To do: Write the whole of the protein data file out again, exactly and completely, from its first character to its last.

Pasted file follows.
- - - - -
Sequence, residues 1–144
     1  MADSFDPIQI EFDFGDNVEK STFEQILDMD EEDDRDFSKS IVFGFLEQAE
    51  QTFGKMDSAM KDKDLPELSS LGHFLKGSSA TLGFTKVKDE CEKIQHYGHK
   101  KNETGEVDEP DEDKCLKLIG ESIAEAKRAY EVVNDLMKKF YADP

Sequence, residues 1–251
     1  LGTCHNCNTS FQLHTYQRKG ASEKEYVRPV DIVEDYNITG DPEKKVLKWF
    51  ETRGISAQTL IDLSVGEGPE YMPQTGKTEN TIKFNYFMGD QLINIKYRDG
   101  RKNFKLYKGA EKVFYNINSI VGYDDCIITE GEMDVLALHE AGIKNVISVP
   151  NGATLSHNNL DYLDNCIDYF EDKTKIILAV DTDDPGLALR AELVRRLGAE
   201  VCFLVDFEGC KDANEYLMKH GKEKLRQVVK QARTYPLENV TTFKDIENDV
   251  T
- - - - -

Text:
Sequence, residues 1–144
     1  MADSFDPIQI EFDFGDNVEK STFEQILDMD EEDDRDFSKS IVFGFLEQAE
    51  QTFGKMDSAM KDKDLPELSS LGHFLKGSSA TLGFTKVKDE CEKIQHYGHK
   101  KNETGEVDEP DEDKCLKLIG ESIAEAKRAY EVVNDLMKKF YADP

Sequence, residues 1–251
     1  LGTCHNCNTS FQLHTYQRKG ASEKEYVRPV DIVEDYNITG DPEKKVLKWF
    51  ETRGISAQTL IDLSVGEGPE YMPQTGKTEN TIKFNYFMGD QLINIKYRDG
   101  RKNFKLYKGA EKVFYNINSI VGYDDCIITE GEMDVLALHE AGIKNVISVP
   151  NGATLSHNNL DYLDNCIDYF EDKTKIILAV DTDDPGLALR AELVRRLGAE
   201  VCFLVDFEGC KDANEYLMKH GKEKLRQVVK QARTYPLENV TTFKDIENDV
   251  T